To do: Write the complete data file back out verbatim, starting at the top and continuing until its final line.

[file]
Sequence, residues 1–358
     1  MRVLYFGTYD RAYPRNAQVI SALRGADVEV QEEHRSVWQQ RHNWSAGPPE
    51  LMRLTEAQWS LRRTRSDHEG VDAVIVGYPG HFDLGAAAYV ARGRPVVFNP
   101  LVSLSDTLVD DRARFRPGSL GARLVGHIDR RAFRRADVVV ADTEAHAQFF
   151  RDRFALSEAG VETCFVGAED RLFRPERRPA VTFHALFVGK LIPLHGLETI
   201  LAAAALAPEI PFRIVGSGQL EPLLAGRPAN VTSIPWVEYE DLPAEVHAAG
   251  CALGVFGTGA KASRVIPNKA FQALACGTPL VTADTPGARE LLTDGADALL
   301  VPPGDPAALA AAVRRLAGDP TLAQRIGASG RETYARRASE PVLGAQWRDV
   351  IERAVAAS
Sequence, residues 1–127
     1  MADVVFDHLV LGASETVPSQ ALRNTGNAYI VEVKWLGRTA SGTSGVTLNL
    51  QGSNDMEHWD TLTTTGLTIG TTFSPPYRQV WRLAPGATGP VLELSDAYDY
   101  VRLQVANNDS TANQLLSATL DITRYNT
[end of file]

Sequence, residues 1–358
     1  MRVLYFGTYD RAYPRNAQVI SALRGADVEV QEEHRSVWQQ RHNWSAGPPE
    51  LMRLTEAQWS LRRTRSDHEG VDAVIVGYPG HFDLGAAAYV ARGRPVVFNP
   101  LVSLSDTLVD DRARFRPGSL GARLVGHIDR RAFRRADVVV ADTEAHAQFF
   151  RDRFALSEAG VETCFVGAED RLFRPERRPA VTFHALFVGK LIPLHGLETI
   201  LAAAALAPEI PFRIVGSGQL EPLLAGRPAN VTSIPWVEYE DLPAEVHAAG
   251  CALGVFGTGA KASRVIPNKA FQALACGTPL VTADTPGARE LLTDGADALL
   301  VPPGDPAALA AAVRRLAGDP TLAQRIGASG RETYARRASE PVLGAQWRDV
   351  IERAVAAS
Sequence, residues 1–127
     1  MADVVFDHLV LGASETVPSQ ALRNTGNAYI VEVKWLGRTA SGTSGVTLNL
    51  QGSNDMEHWD TLTTTGLTIG TTFSPPYRQV WRLAPGATGP VLELSDAYDY
   101  VRLQVANNDS TANQLLSATL DITRYNT